Care Quality Commission
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Regulator publishes closed mortality outlier alerts for the first time
The Care Quality Commission (CQC) today (Thursday) published on its website details of all mortality alerts it has reviewed and closed since its mortality outlier programme began in 2007.
CQC's programme uses statistical analysis to generate an alert where the numbers of patients who have died after being admitted to hospital for a particular condition or procedure is significantly higher than expected.
A case is closed when, after rigorous analysis, CQC judges that the reasons behind the alert were clear and could be verified without requiring further work with the trust, or because it is satisfied with the trust's response to its enquiries.
The regulator has published cases analysed and closed in the two years to June 2009. It includes details of each alert, outlining: at which trust it was generated; when it was raised; the medical condition or procedure to which it relates; what action was taken; and the reasons why the alert was closed.
The CQC says an alert can be raised for many different reasons and does not always indicate a problem with the quality of care. For example, an alert could be produced if a trust records data differently, or if a specific group of patients was at higher risk than normal. The regulator says this is why it is only publishing details of closed alerts, to allow the reasons to be fully understood first.
The regulator has received more than one alert for some trusts. However, this does not always indicate that a trust is performing poorly, and can in fact show that a trust is being more transparent in its reporting.
Richard Hamblin, director of intelligence at CQC, said: "Modern NHS trusts should make monitoring outcomes for patients a top priority. Our mortality outlier programme pushes trusts to keep a close eye on outcomes, enabling them to drive improvement where necessary.
"An alert can be generated for a number of reasons, and it is important to emphasise that it's not necessarily because of a problem with the quality of care. This is why we are only publishing details of the cases we have closed. The public and the NHS can be assured that before publishing, we scrutinise each alert thoroughly and understand why it was generated. We will not publish information that we aren't sure about.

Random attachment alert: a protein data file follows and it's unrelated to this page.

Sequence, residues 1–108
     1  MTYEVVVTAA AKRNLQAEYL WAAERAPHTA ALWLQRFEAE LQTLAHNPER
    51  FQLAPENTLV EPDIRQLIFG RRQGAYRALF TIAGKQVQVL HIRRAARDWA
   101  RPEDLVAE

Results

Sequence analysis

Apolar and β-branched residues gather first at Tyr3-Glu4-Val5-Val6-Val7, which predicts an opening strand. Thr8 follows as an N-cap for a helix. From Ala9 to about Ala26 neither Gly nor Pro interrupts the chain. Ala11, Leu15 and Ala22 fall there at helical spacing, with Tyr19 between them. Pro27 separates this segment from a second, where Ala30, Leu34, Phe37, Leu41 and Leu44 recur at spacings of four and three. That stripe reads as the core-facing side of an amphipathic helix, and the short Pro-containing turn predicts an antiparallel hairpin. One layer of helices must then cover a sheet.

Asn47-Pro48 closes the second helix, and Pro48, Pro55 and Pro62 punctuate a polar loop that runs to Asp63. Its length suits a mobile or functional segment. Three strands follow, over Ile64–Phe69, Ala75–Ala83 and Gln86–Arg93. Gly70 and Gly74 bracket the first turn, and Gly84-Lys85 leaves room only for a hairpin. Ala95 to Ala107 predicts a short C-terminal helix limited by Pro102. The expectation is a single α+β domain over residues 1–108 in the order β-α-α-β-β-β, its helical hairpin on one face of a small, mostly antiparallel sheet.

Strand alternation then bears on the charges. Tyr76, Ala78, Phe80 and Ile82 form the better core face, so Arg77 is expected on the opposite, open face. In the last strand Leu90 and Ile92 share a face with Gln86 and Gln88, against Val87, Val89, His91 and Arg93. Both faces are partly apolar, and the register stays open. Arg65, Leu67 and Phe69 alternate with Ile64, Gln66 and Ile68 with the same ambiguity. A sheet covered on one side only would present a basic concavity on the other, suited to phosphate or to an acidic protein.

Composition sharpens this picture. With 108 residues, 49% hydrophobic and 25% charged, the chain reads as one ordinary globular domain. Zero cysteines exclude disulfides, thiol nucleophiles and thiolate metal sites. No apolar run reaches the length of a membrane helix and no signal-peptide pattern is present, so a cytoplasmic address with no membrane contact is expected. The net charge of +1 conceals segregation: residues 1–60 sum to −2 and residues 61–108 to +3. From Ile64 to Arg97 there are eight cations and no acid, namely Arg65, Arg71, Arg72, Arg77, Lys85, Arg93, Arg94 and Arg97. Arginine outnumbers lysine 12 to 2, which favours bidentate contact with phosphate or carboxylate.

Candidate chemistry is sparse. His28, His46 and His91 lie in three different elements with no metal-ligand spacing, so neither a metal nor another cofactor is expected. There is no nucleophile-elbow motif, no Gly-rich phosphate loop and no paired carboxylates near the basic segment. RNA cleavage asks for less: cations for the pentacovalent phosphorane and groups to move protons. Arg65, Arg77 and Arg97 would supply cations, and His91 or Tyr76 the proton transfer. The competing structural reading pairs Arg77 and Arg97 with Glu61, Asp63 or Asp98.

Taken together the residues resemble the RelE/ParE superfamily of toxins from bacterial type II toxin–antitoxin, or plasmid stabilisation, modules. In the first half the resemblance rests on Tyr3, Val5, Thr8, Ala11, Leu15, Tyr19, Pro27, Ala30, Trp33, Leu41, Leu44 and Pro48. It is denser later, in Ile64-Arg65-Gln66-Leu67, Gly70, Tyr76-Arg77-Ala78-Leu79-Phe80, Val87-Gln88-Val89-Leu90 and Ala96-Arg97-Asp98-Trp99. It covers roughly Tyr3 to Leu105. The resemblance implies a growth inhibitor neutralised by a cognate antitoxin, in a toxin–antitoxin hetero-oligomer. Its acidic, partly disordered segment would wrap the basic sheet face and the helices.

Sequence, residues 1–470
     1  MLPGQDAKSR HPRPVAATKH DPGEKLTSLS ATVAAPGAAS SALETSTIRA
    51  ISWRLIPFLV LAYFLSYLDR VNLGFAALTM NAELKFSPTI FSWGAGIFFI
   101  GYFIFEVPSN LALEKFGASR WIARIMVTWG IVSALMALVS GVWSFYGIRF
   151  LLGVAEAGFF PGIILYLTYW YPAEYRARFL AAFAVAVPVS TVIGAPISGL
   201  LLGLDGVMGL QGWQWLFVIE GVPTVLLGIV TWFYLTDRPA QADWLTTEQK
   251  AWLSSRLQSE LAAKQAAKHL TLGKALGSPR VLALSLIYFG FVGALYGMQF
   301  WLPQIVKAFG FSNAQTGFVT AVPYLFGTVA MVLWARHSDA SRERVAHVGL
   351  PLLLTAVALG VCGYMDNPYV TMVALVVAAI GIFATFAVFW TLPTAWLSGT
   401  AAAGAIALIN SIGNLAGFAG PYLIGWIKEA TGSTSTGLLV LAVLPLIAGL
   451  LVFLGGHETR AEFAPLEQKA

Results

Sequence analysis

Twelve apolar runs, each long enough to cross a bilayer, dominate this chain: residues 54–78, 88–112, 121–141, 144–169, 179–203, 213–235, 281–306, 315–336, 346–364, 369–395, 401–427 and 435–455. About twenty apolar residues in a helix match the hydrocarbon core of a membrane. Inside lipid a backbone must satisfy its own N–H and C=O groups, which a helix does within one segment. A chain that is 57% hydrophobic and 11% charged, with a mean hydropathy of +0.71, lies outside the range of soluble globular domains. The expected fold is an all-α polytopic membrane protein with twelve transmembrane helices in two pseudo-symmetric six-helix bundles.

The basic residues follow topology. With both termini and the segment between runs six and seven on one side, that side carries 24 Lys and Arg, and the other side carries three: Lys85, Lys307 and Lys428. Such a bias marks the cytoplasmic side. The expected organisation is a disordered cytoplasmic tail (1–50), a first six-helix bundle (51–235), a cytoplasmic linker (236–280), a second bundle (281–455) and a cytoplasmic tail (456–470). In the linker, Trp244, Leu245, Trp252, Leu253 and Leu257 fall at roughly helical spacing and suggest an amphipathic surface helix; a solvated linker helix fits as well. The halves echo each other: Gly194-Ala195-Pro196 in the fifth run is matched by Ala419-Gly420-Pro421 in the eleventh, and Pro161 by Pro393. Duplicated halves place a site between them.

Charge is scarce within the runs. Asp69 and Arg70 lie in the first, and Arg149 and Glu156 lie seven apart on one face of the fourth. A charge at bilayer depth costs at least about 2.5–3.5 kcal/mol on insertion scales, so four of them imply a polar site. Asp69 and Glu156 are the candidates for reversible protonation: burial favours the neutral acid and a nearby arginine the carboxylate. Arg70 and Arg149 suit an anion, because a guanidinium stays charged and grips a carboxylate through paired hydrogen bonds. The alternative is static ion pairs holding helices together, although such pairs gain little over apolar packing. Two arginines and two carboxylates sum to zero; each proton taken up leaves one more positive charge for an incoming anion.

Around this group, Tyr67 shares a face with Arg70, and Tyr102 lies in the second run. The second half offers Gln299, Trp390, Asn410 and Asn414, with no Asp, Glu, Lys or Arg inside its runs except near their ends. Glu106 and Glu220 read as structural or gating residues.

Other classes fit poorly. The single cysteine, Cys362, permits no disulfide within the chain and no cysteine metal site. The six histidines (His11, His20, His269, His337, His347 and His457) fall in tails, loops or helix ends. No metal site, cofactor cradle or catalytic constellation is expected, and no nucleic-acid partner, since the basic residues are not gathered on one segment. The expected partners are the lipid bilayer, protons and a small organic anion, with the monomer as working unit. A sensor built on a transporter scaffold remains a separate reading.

"We are committed to making details of the alerts generated by our mortality outlier programme available to the public and will publish information about closed alerts on a quarterly basis."
For further information please contact the press office on 0207 448 9401 or out of hours on 07917 232143
Notes to editors
CQC uses data generated by the Dr Foster Unit at Imperial College, as well as information from its own Intelligence directorate, to identify alerts.
The alerts up to 1 April 2009 were analysed and closed by the CQC's predecessor, the Healthcare Commission.
The Care Quality Commission (CQC) is the (new) independent regulator of all health and adult social care in England. We inspect all health and adult social care services in England, whether they're provided by the NHS, local authorities, private companies or voluntary organisations. And, we protect the interests of people detained under the Mental Health Act. We make sure that essential common standards of quality are met everywhere care is provided, from hospitals to private care homes, and we work towards their improvement. We promote the rights and interests of people who use services and we have a wide range of enforcement powers to take action on their behalf if services are unacceptably poor.
Our work brings together independent regulation of health, mental health and adult social care (for the first time). Before April 1st 2009, this work was carried out by the Healthcare Commission, the Mental Health Act Commission and the Commission for Social Care Inspection.
Our aim is to make sure better care is provided for everyone, whether that's in hospital, in care homes, in people's own homes, or anywhere else that care is provided.